Singer believes that “we ought to give money away, and it is wrong not to do so” (415). He also distinguishes buying clothes out of necessity and doing it because one just wants to look fancy. Instead of spending money on something one does not need, they could allocate it for fighting famine in poor nations. It should be noted, however, that Singer does not deny the existence of charity, and his arguments relate only to distinctions between charity and duty. As far as I am concerned, I agree with this point of view. When millions of people die from starvation and low healthcare quality, it is our duty to help them and save lives.
Nevertheless, in most cases, people do not behave in the way Singer considers right from an ethical perspective. It could be argued that our society has already formed a particular moral scheme, so it will be difficult to alter it. For instance, people do not normally criticize others for wasting money on things they do not need to survive instead of giving it to people who suffer from starvation. Singer states that “the prevention of the starvation of millions of people outside our society must be considered at least as pressing as the upholding of property norms within our society” (416). However, some commentators argue that Singer’s ideas are hard or even impossible to put into practice due to people’s psychology.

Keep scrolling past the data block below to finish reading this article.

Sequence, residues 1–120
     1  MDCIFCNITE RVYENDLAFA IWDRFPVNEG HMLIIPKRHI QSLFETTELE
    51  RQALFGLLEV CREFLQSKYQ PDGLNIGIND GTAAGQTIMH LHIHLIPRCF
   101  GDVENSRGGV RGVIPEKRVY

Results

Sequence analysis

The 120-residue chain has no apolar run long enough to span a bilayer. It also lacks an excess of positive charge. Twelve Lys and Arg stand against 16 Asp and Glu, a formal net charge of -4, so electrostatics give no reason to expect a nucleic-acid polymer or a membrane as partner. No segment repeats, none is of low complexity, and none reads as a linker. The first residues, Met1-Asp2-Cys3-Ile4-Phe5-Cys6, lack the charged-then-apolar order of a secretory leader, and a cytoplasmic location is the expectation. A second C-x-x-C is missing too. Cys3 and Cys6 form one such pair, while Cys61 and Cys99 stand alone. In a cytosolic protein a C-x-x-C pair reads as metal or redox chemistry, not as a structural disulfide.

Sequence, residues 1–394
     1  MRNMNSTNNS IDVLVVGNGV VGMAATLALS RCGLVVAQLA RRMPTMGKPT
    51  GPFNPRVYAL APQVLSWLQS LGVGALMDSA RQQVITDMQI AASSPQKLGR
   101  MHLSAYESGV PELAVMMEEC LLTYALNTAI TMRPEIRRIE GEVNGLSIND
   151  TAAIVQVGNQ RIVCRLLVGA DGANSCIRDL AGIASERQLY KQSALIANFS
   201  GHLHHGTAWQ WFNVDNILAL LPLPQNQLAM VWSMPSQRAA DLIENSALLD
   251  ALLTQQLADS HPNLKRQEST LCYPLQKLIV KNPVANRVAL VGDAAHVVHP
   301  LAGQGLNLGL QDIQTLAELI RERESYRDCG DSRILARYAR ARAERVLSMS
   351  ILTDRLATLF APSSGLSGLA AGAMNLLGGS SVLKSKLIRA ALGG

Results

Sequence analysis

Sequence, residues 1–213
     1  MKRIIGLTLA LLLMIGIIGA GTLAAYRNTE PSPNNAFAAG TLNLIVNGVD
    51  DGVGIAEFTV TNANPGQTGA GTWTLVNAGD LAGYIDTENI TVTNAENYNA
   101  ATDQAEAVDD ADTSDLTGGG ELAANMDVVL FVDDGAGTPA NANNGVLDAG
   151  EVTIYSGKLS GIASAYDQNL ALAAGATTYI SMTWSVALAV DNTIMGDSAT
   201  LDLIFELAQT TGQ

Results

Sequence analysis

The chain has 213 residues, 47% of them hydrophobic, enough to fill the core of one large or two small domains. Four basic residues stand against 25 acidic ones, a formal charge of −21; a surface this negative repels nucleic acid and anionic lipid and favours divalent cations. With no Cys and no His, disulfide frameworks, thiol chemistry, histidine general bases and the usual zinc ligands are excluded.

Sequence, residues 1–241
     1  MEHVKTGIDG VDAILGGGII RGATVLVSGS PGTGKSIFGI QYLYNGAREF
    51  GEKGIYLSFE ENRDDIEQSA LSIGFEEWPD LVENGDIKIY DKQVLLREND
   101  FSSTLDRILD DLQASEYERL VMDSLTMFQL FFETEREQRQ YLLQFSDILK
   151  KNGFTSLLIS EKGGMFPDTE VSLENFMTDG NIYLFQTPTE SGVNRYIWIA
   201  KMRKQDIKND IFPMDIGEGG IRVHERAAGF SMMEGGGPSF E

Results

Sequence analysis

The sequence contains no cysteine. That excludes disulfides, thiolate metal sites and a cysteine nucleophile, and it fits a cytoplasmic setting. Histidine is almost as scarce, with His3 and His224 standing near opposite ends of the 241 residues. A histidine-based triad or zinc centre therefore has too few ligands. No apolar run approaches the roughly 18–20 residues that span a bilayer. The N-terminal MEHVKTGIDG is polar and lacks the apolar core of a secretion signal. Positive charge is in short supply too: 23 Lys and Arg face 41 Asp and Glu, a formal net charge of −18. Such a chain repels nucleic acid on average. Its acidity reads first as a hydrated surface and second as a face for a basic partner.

Singer responds that people should attempt to change the present moral behavior by influencing other’s opinions and spreading ideas. The author states that “If the stakes are an end to widespread starvation, it is worth the risk” (Singer 417). From my perspective, it is always better to act and try to change the current situation for the better, even if it seems impossible. In addition, there is a fashion for what people wear, watch, and use that spreads and changes quite quickly. This fact means that a “fashion” for charity and changing the psychology of people through the dissemination of ideas is also possible.
All in all, Singer’s ideas made a significant contribution to the development of ethics. His works have exerted a substantial influence on the current state in this field. The philosopher drew attention to one of the simplest solutions to moral problems of inequality, hunger, and poverty on a global scale, which has a natural embodiment. For this purpose, people only need to abandon concerns only about their well-being and pay attention to the problems of others. Moral philosophy allows people to assess their conduct and understand what should be done to make it right in terms of ethics. I believe that the issues which Singer raises in his works and interviews are worth discussing and sharing as they may change our society for the better.
Singer, Peter. “Famine, Affluence, and Morality.” Moral Philosophy: A Reader, edited by Pojman, Louis P., and Peter Tramel, Hackett Publishing, 2009, pp. 412–420.